Antiphospholipid Syndrome and Lupus Anticoagulant
In antiphospholipid antibody syndrome (APS), the body produces antibodies against a phospholipid, a cell membrane substance. This is referred to as an autoimmune disorder because the body produces antibodies against its own cells. Antiphospholipid antibody syndrome is characterized by antibodies against cardiolipin and β2 glycoprotein I.
Originally, it was thought that lupus anticoagulants were associated with bleeding, as they prolong clot-based tests such as the aPTT assay; however, they were later found to be associated with clotting. The development of a lupus anticoagulant may be temporary, particularly in children who have had a recent infection.
In patients with a lupus anticoagulant, 70% of the clotting events occur in the veins (venous clots), and the remaining 30% events occur in the arteries (arterial clots). The most common site for arterial clotting events is the blood vessels of the brain. These clotting episodes may be temporary or permanent and can often recur.
SAPPORO ANTIPHOSPHOLIPID ANTIBODY SYNDROME CLASSIFICATION CRITERIA
The Sapporo Antiphospholipid Antibody Syndrome Classification Criteria are used to diagnose antiphospholipid antibody syndrome.
The criteria include various clinical and laboratory abnormalities, such as:
Presence of blood clots in any organ or tissue,
Occurrence of one or more miscarriages or premature births,
Persistently positive results with a lupus anticoagulant test,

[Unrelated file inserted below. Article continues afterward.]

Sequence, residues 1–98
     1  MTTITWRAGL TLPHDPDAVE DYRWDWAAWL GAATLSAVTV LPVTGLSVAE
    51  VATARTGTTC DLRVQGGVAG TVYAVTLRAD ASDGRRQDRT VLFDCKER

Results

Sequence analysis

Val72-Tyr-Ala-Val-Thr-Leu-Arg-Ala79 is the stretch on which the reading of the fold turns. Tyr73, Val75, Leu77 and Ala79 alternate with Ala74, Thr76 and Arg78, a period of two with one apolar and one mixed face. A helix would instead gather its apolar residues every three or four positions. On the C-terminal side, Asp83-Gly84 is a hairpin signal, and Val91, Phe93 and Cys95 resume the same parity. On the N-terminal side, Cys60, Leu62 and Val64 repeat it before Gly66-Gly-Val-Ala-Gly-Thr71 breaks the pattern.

Moderate to high titer anticardiolipin antibodies, or
Moderate to high titer β2-glycoprotein-I antibodies
Antiphospholipid antibody syndrome can increase the risk of clotting in several ways, such as:
Promoting platelets to clump together
Reducing the production of activated protein C (a natural anticoagulant)
Blocking the anticoagulant activity of antithrombin, another naturally occurring anticoagulant
CATASTROPHIC ANTIPHOSPHOLIPID SYNDROME
Catastrophic antiphospholipid antibody syndrome is a rapidly developing form of antiphospholipid antibody syndrome that results in multisystem organ failure. Although catastrophic antiphospholipid antibody syndrome occurs in less than 1% of all patients with antiphospholipid antibody syndrome, it is usually a life-threatening medical situation that requires a high degree of clinical awareness. The International Consensus Statement is commonly used for a definitive diagnosis of catastrophic antiphospholipid antibody syndrome.